Should family businesses be more entrepreneurial?

Consider this if you’re looking for a link between family business and entrepreneurship. Three-quarters of companies in 48 economies are founded with significant family involvement. In the US, 30% pull in family members within the first two years. Family is an essential component of entrepreneurship.

A family business is the product of a successful entrepreneur. While it may be tempting to view the continuation of an existing business through multiple generations of a family as non-entrepreneurial, this is far from the truth. Businesses always require new and innovative ideas, strategies, products and processes to succeed. In today’s competitive and dynamic business environment, each generation will likely need to develop multiple innovations to sustain the family business. That’s the spirit of entrepreneurship.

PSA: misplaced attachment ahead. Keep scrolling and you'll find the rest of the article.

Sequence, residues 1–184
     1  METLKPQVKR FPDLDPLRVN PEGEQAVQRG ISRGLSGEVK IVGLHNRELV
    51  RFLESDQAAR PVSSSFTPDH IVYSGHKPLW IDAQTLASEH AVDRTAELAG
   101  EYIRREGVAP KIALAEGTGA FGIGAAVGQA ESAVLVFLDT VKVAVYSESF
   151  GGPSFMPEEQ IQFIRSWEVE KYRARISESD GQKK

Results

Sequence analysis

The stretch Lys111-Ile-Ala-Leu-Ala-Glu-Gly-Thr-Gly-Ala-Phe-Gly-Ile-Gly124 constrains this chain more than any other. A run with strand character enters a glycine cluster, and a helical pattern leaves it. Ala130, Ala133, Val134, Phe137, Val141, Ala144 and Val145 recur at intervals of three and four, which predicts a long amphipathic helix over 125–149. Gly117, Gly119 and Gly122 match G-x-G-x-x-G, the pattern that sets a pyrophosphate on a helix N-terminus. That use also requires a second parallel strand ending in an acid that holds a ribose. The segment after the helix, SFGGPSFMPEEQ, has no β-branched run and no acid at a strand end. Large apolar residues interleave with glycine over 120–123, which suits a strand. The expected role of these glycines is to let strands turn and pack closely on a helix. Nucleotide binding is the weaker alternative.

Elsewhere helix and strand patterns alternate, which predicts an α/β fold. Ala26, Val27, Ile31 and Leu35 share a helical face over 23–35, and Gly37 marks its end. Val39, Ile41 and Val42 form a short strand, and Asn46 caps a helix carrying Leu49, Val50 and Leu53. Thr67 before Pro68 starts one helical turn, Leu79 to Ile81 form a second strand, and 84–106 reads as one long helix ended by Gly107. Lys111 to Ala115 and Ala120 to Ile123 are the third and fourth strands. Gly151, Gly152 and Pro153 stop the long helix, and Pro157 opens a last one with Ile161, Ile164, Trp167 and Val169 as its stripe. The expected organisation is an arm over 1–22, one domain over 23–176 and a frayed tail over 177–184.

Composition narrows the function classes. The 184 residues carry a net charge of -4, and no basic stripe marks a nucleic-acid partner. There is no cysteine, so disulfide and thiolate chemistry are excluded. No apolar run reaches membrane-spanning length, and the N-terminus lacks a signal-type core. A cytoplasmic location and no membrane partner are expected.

This, of course, is balanced by the stability and long-term perspective that characterise family businesses. Such enterprises are also often endowed with a greater sense of vision and identity that must be preserved while leading the company to further success. This is the tightrope that any family business’s current and future leadership must walk.

The benefits of entrepreneurship for family businesses

There are several ways an entrepreneurial mindset and approach can help a business. The key is to figure out how best to apply them to your business.

An opportunity to diversify